Preprint Article Version 1 This version is not peer-reviewed

Health and Environmental Consciousness Effects of Wealth in Low Income Countries: Evidence from Households' Energy, Water, and Sanitation Services Consumption in Burkina Faso

Version 1 : Received: 12 February 2018 / Approved: 13 February 2018 / Online: 13 February 2018 (08:53:03 UTC)

How to cite: Niankara, I. Health and Environmental Consciousness Effects of Wealth in Low Income Countries: Evidence from Households' Energy, Water, and Sanitation Services Consumption in Burkina Faso. Preprints 2018, 2018020093 (doi: 10.20944/preprints201802.0093.v1). Niankara, I. Health and Environmental Consciousness Effects of Wealth in Low Income Countries: Evidence from Households' Energy, Water, and Sanitation Services Consumption in Burkina Faso. Preprints 2018, 2018020093 (doi: 10.20944/preprints201802.0093.v1).

Abstract

Relying on Random Utility Theory (RUT) as the guiding mechanism for the Data Generating Process (DGP), this paper uses households consumption choices on cooking fuel, drinking water, and sanitation from the 2014 United States Agency for International Development's (USAID) Demographic and Health Survey (DHS) data on Burkina Faso, to characterize and investigate the inter-linkages between health consciousness and environmental consciousness, and their relationship with wealth in a low income country context. We achieve this by specifying sequentially three econometric modeling frameworks: the first one being independent binary probit (IBP) models to describe each choice process, followed by a fully parametric trivariate probit (FPTP) model to account for choice dependency, and finally by a semi-parametric trivariate probit (SPTP) model to further relax the linearity assumption. Based on the Akaike Information criteria (AIC) and the estimated Trivariate model correlation coefficients, the SPTP framework is found to be the best specification for describing the observed consumption behaviors. The results show that increased wealth level raises households health and environmental consciousness, while leaving the relative preference ordering over the elements in the household consumption basket unchanged.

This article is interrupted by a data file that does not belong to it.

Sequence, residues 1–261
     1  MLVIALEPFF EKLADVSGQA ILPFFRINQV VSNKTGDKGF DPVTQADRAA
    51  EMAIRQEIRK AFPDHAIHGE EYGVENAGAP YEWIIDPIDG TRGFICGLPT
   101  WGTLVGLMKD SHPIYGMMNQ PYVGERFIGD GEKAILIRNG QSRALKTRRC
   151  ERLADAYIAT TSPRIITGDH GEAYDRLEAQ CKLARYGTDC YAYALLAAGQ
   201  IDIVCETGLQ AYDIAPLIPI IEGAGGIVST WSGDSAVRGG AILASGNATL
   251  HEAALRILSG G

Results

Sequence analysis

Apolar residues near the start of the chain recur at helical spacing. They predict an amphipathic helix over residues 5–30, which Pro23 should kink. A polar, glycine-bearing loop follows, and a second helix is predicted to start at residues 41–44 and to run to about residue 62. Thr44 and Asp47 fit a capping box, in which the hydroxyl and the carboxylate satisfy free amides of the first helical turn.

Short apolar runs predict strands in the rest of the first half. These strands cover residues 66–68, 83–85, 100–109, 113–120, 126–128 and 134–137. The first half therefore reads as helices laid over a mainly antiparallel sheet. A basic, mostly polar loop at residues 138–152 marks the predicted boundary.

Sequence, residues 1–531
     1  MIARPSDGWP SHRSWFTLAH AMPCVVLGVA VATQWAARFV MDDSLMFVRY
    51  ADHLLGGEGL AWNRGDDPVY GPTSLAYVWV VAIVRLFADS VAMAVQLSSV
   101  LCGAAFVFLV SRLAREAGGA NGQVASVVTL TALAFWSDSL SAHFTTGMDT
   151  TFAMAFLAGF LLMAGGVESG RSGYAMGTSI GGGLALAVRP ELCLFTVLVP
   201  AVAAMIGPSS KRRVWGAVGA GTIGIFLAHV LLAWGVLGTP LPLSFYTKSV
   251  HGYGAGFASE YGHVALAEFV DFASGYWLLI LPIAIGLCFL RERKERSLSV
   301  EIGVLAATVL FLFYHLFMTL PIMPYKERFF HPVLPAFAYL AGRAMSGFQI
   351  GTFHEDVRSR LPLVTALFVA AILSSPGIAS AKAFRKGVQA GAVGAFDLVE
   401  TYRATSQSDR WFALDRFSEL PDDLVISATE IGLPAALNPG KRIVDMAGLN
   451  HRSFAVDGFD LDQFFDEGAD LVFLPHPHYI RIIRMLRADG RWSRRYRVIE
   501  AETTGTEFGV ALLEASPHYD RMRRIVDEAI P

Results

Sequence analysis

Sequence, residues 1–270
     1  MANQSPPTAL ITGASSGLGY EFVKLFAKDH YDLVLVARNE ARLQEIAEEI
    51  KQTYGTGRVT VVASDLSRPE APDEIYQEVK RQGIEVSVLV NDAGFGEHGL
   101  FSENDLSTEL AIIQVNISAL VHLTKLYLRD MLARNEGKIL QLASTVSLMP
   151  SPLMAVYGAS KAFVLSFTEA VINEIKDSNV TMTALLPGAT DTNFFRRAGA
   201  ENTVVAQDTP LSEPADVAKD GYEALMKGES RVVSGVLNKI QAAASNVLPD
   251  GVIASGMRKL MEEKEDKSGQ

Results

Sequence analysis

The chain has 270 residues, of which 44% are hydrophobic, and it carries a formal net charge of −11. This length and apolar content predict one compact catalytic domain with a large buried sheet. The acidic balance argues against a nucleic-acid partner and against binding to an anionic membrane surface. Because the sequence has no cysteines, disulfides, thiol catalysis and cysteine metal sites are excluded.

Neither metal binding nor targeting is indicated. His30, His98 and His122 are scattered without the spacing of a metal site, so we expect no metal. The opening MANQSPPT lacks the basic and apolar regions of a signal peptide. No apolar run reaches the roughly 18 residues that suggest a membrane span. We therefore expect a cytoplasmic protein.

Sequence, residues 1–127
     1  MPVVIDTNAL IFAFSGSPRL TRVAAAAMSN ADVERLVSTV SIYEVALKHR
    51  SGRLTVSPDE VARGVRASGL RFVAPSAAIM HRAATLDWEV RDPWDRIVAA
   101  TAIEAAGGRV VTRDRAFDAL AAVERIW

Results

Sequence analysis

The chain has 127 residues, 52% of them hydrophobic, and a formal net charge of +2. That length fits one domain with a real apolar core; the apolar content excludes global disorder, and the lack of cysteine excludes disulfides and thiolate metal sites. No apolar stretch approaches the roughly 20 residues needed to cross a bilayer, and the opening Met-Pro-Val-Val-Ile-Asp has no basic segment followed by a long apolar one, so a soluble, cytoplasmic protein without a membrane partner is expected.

Subject Areas

consumer behavior; cooking fuel; environmental consciousness; health consciousness; semi-parametric estimation; trivariate probit; water and sanitation; wealth

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